What Makes Readers Stay?
There were no signs of wear or peeling paint. All the pieces were still intact. Nonetheless, it was obvious by the posting dates that no one had lived there in quite a while.
What a shame! The ideas presented were well thought out and interesting. I even learned quite a few things. In fact, I wanted more! I stayed on the site for almost half an hour clicking through the archives… until it dawned on me: all the posts were archives.
Come on in! Stay a while. No, wait! Don’t go!!
When was the last time you stayed on any site for half an hour? (Game sites like WoW don’t count.) For me, that almost never happens. Statistically, the average time people spend on a webpage is 15 to 30 seconds… or less.
What makes people stay?
A Google search on those web usage stats also brings up posts from experts offering tips for getting people to come in, take their coats off, and stay for a bit. “They” advise using visuals including:
- Bulleted Lists
Interestingly, other than the picture at the top of each post, the site that held my attention had none of these.
Why did I stay? In a word: content.
You’ve heard it before: “Content is king.”
The content on this particular site applied specifically to ghostwriting. And it was good. The authors were sharing their real-life experiences, lessons learned and laments.
It can be tough to build traction in any market. And ghostwriters are a niche (a.k.a. smaller) market. Maybe these guys quit posting because of the lack of comments they received. (After all, when you invest time, energy and thought into a blog post, or even a tweet of a Facebook post, you desire feedback… or at least a “like.” Even negative feedback is OK; it lets you know someone is listening—even if they disagree with you!)
I hope they come back. What they wrote was helpful, insightful and real. Maybe they’ll take their content and put it in a book. That would be OK, too.
What does this have to do with you and your writing?
Whether you’re a blogger, a freelance writer, a book author or a speaker, your message needs what this site delivered: well-presented, meaningful content. If you want your readers to stick around, make sure you offer the following:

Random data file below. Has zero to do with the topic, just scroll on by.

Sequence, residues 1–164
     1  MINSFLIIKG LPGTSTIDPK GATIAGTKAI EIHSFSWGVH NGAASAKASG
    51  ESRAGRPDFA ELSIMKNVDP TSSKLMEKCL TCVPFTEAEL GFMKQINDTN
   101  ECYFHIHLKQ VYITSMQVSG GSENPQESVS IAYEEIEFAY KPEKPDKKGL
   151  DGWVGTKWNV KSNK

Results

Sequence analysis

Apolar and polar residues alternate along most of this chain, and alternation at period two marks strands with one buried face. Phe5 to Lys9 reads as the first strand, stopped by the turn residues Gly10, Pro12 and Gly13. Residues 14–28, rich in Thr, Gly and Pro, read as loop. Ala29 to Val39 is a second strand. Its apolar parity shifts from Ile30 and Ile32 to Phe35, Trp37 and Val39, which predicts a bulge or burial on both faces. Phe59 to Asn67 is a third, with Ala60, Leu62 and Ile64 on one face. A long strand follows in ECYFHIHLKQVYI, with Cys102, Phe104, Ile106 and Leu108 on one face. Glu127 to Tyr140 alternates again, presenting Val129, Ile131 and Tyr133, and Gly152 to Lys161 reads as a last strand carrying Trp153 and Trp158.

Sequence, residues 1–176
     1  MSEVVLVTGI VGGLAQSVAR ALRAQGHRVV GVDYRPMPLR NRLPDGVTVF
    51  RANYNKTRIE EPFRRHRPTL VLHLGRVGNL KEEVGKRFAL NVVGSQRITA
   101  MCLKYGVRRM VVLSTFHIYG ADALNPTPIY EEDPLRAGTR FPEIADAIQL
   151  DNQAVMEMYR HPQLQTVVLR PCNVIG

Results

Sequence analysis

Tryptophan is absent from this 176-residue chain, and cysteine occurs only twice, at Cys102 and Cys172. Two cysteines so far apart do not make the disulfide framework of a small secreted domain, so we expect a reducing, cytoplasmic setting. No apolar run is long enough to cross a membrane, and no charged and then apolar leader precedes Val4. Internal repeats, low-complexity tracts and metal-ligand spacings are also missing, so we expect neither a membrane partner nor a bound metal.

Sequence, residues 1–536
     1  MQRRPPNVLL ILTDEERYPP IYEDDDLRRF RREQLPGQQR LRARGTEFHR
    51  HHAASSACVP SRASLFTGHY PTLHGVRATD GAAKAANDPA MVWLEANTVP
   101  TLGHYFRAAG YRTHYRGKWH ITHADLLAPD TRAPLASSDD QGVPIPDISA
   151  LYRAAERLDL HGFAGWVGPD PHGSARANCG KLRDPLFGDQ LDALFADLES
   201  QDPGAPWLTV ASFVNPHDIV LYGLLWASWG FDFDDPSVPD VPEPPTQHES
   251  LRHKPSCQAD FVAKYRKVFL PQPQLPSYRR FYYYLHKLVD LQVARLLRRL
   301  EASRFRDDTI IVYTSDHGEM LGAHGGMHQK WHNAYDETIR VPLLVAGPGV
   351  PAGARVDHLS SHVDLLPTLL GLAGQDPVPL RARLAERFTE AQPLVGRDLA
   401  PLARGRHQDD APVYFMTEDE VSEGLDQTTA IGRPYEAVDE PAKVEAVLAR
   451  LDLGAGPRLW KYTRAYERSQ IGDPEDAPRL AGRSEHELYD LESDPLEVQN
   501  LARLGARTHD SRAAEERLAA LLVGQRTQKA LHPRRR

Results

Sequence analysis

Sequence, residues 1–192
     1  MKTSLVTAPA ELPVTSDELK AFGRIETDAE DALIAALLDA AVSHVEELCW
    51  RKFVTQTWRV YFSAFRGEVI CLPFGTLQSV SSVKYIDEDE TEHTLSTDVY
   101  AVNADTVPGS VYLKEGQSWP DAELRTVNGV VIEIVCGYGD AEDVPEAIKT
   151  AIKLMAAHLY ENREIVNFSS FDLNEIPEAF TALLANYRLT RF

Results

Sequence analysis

Substance and Depth–The world is over-saturated with the basics and clichés. I’ve sorted through, read and reviewed literally hundreds of books in the past few years. And I have to be honest; I’m tired of clichés and material that simply regurgitates information.
King Solomon said, “There’s nothing new under the sun.” He was right, but that doesn’t mean we have to repeat the same information using the same stories everyone else uses. Which brings up the next need…
Originality–You are unique. No one–not even your twin, if you have one–has experienced exactly the same situations and emotions you have. Let your perspective and voice reflect your originality.
Chris Brogan and Julien Smith explain in their new book, The Impact Equation, that ideas need to have contrast to stand out. If you say the same thing everyone else says, your audience will know they can go anywhere to get what you’re offering… and probably find it cheaper.
Authenticity–Get real. Seriously. Life coach Mel Robbins commented in her book, Stop Saying You’re Fine, that Facebook is a collection of our Kodak moments. By trying to appear perfect and focusing on not offending anyone, we end up not saying anything important.
Don’t abandon your audience.
If you offer original, substantive content, and you do it authentically, chances are you have an audience waiting to hear your message. Don’t abandon those people or your own need for creative expression.
It’s your turn.
Share some of your favorite blogs sites, book titles and speaker’s names in the comments below. What is it about them that keeps you engaged?